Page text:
Book review: The Painted Man, by Peter V Brett
Thus continues my summer of catching up on my reading, especially those (mostly epic) fantasies that came out a while ago…
The Painted Man tells the stories of three exceptional young people—Arlen, Leesha and Rojer—growing up in a world where demons rise from the earth’s core every night and try to kill humans. The only things that can keep the demons back are wards: painted or carved symbols. Arlen has a talent for drawing wards and wants to become a Messenger (one of the couriers who defy the demons, travelling from town to town); Leesha is a skilled herbalist; and Rojer’s music has an Orpheus-like effect on the demons. Their stories run in parallel for most of the book until they meet up towards the end.
What drew me in with this book was the combination of voice and pacing. The opening is suitably tense and intriguing, and the voice strongly colloquial (albeit Brett is a bit too fond of his said-bookisms: characters don’t just say or ask; they explain, comment, confirm and use all those other unnecessary verbs to prop up their dialogue). However it was good to encounter a non-industrial civilisation that, despite its mentions of dukes and such, was not a third-hand impression of a European medieval world but in fact felt far more redolent of the American Frontier. Which brings me onto the worldbuilding…
There are some solid aspects to the worldbuilding, and others not so solid. The core premise (ha!) is a very strong one, permitting a straightforward conflict that’s pretty black-and-white in its morality. The demons exist only to kill humans, as far as one can see, and so killing them is morally unambiguous. Also, whilst the cultures we visit are misogynistic to some degree or other, unlike many such fantasy worlds it does at least make sense given the setting; the death rate is so high that motherhood is vital to the communities’ survival and women must be protected at all costs. Brett even manages to balance the sexism a little by having mothers highly revered in Thesa, to the point where one duke’s advisory council consists entirely of grannies!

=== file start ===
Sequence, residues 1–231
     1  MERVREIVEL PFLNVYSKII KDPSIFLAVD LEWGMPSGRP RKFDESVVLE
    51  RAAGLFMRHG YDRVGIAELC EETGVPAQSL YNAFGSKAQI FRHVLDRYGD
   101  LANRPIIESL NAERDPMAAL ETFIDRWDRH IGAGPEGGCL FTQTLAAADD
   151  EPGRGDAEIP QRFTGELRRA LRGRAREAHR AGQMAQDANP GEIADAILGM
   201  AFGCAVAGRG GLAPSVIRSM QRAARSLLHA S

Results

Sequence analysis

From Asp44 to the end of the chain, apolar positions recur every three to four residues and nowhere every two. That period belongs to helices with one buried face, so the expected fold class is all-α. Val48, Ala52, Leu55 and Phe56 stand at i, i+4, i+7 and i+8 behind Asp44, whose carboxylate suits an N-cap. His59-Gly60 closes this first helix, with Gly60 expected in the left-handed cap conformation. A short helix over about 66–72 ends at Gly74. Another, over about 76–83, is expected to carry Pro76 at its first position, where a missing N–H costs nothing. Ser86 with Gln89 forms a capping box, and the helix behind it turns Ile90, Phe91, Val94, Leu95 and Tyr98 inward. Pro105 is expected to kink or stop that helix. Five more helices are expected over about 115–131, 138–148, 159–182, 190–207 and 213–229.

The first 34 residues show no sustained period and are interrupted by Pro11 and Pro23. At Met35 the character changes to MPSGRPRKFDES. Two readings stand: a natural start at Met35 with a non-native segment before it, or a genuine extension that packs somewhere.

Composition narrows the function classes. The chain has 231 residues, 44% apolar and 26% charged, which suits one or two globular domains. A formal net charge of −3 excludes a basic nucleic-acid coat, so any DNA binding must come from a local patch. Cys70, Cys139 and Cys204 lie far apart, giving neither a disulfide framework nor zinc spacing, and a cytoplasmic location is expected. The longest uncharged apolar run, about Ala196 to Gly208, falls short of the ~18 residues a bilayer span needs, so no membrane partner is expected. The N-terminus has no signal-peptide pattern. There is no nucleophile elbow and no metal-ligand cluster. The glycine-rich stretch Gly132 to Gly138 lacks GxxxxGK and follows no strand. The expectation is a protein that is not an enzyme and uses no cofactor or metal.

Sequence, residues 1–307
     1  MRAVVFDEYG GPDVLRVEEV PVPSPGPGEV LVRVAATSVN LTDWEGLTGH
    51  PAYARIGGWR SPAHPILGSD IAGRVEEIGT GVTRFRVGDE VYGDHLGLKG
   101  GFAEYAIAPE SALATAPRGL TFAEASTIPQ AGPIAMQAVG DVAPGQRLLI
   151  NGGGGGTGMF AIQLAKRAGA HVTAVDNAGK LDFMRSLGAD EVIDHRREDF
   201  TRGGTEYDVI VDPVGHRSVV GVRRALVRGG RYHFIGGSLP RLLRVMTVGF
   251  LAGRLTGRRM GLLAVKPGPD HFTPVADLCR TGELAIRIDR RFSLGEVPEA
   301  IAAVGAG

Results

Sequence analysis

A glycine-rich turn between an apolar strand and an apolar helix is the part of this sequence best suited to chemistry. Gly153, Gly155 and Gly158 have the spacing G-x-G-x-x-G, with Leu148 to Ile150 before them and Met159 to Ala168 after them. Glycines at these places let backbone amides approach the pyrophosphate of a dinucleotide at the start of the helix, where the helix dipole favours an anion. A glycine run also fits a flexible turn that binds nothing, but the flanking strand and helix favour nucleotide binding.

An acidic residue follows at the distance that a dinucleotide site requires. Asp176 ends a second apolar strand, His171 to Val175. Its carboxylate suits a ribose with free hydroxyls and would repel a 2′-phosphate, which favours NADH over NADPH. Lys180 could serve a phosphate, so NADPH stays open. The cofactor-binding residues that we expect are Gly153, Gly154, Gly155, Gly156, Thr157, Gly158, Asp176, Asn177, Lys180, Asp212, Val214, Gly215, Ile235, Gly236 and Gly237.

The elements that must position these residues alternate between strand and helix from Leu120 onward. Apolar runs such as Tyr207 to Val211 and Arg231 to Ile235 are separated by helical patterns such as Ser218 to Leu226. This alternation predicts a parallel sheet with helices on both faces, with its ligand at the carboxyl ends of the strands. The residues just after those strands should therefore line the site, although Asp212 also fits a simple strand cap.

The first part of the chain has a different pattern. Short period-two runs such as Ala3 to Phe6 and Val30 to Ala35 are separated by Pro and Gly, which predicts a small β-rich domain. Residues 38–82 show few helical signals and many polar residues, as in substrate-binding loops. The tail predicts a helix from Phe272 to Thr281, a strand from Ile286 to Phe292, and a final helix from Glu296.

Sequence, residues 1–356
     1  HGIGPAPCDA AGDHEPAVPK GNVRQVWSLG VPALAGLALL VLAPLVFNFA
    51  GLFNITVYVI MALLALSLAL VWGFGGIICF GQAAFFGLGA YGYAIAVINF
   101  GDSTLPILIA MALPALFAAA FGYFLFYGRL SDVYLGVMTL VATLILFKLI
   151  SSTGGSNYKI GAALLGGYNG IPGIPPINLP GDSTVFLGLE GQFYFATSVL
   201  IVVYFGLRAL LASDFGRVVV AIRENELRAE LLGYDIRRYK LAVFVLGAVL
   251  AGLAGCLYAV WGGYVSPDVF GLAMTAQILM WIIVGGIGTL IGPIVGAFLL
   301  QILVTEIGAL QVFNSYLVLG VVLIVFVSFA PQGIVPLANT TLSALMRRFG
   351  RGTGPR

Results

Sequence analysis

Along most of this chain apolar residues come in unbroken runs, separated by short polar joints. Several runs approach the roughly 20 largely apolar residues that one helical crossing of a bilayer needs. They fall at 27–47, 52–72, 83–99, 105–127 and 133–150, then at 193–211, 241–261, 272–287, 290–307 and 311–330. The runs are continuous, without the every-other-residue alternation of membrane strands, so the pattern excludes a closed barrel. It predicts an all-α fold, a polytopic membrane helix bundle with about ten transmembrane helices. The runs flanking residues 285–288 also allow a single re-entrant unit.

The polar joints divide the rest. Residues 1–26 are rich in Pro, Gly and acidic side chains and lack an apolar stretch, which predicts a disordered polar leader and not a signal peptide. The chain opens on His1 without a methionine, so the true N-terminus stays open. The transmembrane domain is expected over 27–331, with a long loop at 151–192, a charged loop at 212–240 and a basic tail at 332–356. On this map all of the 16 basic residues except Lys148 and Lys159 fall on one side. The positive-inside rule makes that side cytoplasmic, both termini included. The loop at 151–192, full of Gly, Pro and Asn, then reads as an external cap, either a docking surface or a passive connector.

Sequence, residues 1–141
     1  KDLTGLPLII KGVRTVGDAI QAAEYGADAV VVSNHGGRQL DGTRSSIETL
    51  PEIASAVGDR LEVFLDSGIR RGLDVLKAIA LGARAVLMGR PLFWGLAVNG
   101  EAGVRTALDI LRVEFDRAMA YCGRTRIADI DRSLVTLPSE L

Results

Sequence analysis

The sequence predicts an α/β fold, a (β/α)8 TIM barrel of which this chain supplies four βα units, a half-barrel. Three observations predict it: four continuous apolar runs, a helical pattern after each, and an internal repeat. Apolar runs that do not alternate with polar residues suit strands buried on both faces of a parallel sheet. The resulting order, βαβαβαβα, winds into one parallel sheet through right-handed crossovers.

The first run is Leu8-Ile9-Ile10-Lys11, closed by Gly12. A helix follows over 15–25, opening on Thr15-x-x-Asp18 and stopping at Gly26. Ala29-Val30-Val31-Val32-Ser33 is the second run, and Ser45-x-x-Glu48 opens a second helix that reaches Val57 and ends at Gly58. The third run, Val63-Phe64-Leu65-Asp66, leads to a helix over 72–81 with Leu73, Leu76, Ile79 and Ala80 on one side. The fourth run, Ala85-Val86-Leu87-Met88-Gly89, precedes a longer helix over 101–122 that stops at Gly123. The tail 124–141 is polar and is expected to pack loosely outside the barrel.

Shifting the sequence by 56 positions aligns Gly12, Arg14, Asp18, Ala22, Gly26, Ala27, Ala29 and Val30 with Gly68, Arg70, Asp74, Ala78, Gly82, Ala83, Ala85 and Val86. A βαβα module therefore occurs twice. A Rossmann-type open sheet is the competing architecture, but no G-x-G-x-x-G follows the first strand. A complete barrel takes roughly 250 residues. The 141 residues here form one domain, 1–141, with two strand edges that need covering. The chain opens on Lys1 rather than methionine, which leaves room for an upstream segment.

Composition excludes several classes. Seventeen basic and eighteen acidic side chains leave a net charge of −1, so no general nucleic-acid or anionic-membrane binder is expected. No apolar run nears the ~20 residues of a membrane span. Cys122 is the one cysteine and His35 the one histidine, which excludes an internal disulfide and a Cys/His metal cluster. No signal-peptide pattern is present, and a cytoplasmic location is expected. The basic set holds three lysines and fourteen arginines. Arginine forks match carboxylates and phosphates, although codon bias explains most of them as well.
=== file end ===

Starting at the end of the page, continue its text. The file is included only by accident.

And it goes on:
On the other hand, we have the Krasians who, despite allegedly being based on a number of cultures, come across as way too closely modelled on Arabs/Muslims, and not in a good way. Also his trade networks feel more like video game mechanics than a realistically designed world. The mines of Miln (a single mine, it makes pretty clear) produce coal, metal and gems, and whilst I’m no geologist, this doesn’t sound entirely plausible to me. Meanwhile the aforementioned Krasians trade their silks and spices. From their city in the desert. Surely the limited amount of land encompassed by the warded walls is required for growing food, not luxuries such as mulberry trees? The Arabs of our medieval world were traders, but their spices came from India and further afield; there’s no indication that this is the case with Krasia.
These gripes aside, I was generally enjoying the book until fairly near the end, when for no good reason Leesha is gang-raped on her way back to her home village. In some ways it’s not very distressing, because Brett skips over the event itself and says little about it from Leesha’s PoV, though we get flashes of horrified memory from Rojer’s PoV (he’s now travelling with Leesha), and the rapists do at least get what’s coming to them eventually. However the event feels entirely gratuitous and unnecessary to the plot, because Leesha and Rojer are also robbed by the bandit-rapists and must try to survive a night outdoors without wards or weapons, but are saved from certain death at the last moment by the mysterious Painted Man. Worse still, barely a couple of days after the rape, Leesha comes on to the Painted Man (who is of course Arlen). WTF? I feel like Brett had done a workmanlike job up to this point, and then he throws it all away with a very tired cliché and a total lack of empathy with his female character.
For the most part this was a good, fast-paced read (it only took me about a week), let down by some carelessness and clunky prose. However I’m left in two minds about picking up the second one, since I know it features the Krasians rather heavily…
Bluffer’s tip: The Painted Man was actually the original title chosen by Brett, but his US publishers didn’t like it so they changed it to The Warded Man